It took a tremendous amount of foresight to preserve the web, but it also took a lot of resources. I recall one story I was told of someone needing disk storage to support an Internet Archive project, who called up a retail chain in San Francisco and requested to buy every hard drive the company had to sell. Only when the Archive’s staff person started talking about arranging a semi-truck to have the disks delivered, did the retail customer service representative realize that the staff person was serious.

Initially funded by Kahle’s sale of internet services that he helped to found, it has also been supported by philanthropic and government grant projects, as well as donations from individuals. By comparison, the Internet Archive’s annual budget (while it fluctuates year to year) is about the size of a large research university library. Given its relative size and staff, it certainly is maximizing its impact.

This Thursday October 21, at 6:00 pm PST (GMT 02:00) the Internet Archive will be hosting a free virtual celebration of the Internet Archive, and its 25 years of work. We should all celebrate this important cultural institution and the work its team has pioneered since its founding in 1996.  Twenty-five years from now, we will all be able to revisit this post, likely because it will have been preserved by an Internet Archive’s web crawl of The Scholarly Kitchen. I thank them for that.

Todd A Carpenter

Todd A Carpenter

Todd Carpenter is Executive Director of the National Information Standards Organization (NISO). He additionally serves in a variety of leadership roles of a variety of organizations, including the ISO Technical Subcommittee on Identification & Description (ISO TC46/SC9), the Coalition for Seamless Access, and the Foundation of the Baltimore County Public Library.


24 Thoughts on "Celebrating 25 Years of Preserving the Web"

I’m astonished that the Scholarly Kitchen would publish such sycophantic rubbish. Brewster Kahle is not a folk hero. He’s a book pirate. Most of those millions of “heritage” books on his site are under copyright. He believes that if he purchases one copy of a book and scans it he can make it available to anyone in the world without compensating the author or publisher. Meanwhile, his own intellectual property is sold to the highest bidder.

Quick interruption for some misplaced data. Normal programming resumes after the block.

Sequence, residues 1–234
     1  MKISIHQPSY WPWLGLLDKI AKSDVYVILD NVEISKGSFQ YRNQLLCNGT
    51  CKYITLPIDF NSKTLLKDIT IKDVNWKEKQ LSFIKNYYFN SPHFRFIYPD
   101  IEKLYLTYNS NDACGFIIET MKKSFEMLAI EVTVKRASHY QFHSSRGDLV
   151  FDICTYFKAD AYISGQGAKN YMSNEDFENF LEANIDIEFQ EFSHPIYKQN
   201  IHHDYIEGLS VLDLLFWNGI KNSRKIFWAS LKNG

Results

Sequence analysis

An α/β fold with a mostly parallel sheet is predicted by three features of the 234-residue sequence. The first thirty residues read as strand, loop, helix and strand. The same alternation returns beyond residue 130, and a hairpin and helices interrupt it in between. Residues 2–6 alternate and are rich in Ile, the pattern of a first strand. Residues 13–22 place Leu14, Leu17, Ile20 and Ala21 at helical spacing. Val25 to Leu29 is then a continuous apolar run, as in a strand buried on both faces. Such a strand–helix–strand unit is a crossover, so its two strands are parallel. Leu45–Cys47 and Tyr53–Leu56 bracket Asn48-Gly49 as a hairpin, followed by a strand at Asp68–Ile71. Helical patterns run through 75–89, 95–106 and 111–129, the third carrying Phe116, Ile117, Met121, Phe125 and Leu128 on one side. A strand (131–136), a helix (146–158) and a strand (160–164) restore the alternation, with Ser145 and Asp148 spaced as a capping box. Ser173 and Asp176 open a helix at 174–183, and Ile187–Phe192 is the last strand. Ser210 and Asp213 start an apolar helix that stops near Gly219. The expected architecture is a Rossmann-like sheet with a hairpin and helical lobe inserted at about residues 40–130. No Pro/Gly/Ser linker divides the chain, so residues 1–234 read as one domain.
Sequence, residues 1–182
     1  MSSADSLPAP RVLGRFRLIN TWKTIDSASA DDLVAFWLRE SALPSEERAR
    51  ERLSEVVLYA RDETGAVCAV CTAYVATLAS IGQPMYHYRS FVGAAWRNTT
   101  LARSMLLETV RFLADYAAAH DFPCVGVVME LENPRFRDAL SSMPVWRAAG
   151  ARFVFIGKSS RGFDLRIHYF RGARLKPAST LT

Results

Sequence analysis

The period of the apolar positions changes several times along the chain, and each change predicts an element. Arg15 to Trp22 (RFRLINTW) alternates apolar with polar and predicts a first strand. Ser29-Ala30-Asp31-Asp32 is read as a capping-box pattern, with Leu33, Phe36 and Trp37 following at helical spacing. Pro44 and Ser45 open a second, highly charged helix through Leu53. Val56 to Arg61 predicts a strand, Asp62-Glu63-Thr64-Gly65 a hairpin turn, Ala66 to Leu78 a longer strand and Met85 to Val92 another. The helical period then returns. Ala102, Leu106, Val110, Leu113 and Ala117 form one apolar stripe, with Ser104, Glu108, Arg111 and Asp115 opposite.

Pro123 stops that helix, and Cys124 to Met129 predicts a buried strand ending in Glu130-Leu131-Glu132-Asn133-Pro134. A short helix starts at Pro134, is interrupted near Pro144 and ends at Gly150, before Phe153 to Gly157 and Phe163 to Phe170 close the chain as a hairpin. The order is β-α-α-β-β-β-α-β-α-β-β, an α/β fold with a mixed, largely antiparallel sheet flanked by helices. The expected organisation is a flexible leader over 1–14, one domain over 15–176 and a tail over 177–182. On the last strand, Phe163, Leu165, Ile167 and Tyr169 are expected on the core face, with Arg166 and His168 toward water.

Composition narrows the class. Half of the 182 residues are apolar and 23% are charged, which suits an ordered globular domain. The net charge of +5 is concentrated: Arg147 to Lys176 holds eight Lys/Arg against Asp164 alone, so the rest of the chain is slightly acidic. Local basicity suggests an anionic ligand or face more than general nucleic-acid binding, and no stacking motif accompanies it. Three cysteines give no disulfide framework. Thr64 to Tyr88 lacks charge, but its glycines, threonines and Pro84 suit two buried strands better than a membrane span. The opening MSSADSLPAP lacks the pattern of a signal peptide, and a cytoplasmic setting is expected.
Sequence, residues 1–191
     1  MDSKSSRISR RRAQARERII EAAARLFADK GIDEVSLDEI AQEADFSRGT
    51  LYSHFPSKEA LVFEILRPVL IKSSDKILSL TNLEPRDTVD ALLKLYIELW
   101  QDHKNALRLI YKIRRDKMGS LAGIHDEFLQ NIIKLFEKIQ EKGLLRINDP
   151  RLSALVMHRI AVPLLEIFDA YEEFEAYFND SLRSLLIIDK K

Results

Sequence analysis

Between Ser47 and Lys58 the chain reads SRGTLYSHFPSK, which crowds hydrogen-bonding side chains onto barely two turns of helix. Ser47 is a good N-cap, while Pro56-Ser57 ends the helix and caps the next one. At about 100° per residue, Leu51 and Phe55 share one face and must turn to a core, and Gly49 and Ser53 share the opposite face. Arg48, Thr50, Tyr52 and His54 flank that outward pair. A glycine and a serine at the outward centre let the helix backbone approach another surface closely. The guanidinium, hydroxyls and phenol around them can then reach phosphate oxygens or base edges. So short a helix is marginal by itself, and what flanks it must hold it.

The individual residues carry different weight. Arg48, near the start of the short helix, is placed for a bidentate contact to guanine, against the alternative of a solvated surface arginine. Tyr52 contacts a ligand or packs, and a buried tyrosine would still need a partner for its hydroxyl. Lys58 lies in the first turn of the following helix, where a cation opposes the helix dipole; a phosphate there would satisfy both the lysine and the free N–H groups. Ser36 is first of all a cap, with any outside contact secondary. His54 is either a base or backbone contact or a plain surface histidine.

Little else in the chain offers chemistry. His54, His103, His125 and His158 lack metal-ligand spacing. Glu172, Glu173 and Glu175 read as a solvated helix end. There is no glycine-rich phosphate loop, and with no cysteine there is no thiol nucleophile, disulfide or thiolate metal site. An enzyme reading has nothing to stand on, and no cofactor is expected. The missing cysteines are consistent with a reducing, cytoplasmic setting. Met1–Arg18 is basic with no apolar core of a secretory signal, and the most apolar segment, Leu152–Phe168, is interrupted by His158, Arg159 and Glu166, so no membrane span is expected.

See also this comment to an equally problematic post on this site last week about book digitizing:

Have even the readers of this site got the piracy virus? If nothing else, all your librarian jobs are on the line.

The author of this post links to but does not quote from an article about the Internet Archive’s (IA) scanning and illicit distribution of books without compensation to authors or publishers.

Just to give a little balance (whatever happened to balance?), here are a few paragraphs from that article. Note the disingenuous comment by Brewster Kahle. I welcome any explanation, per Kahle’s comments, of how the IA’s scanning activities support authors and publishers. If the readers of this site are content to let him compare his activities to a library, then I guess I’m in the wrong place.


In its release, the Authors Guild took aim at IA’s argument that its scanning activities are supported under the controlled digital lending legal theory. “Internet Archive’s wholesale scanning and posting of copyrighted books without the consent of authors, and without paying a dime, is piracy hidden behind a sanctimonious veil of progressivism,” said Douglas Preston, author and president of the Authors Guild. “The Internet Archive hopes to fool the public by calling its piracy website a ‘library,’ but there’s a more accurate term for taking what you don’t own: it’s called ‘stealing.’”

Preston continued by noting that while authors want the public to have access to books, free e-books are available through libraries. “Legitimate libraries pay for those e-books, and a portion of that flows back to authors as royalties, helping ensure they can continue to write,” Preston said.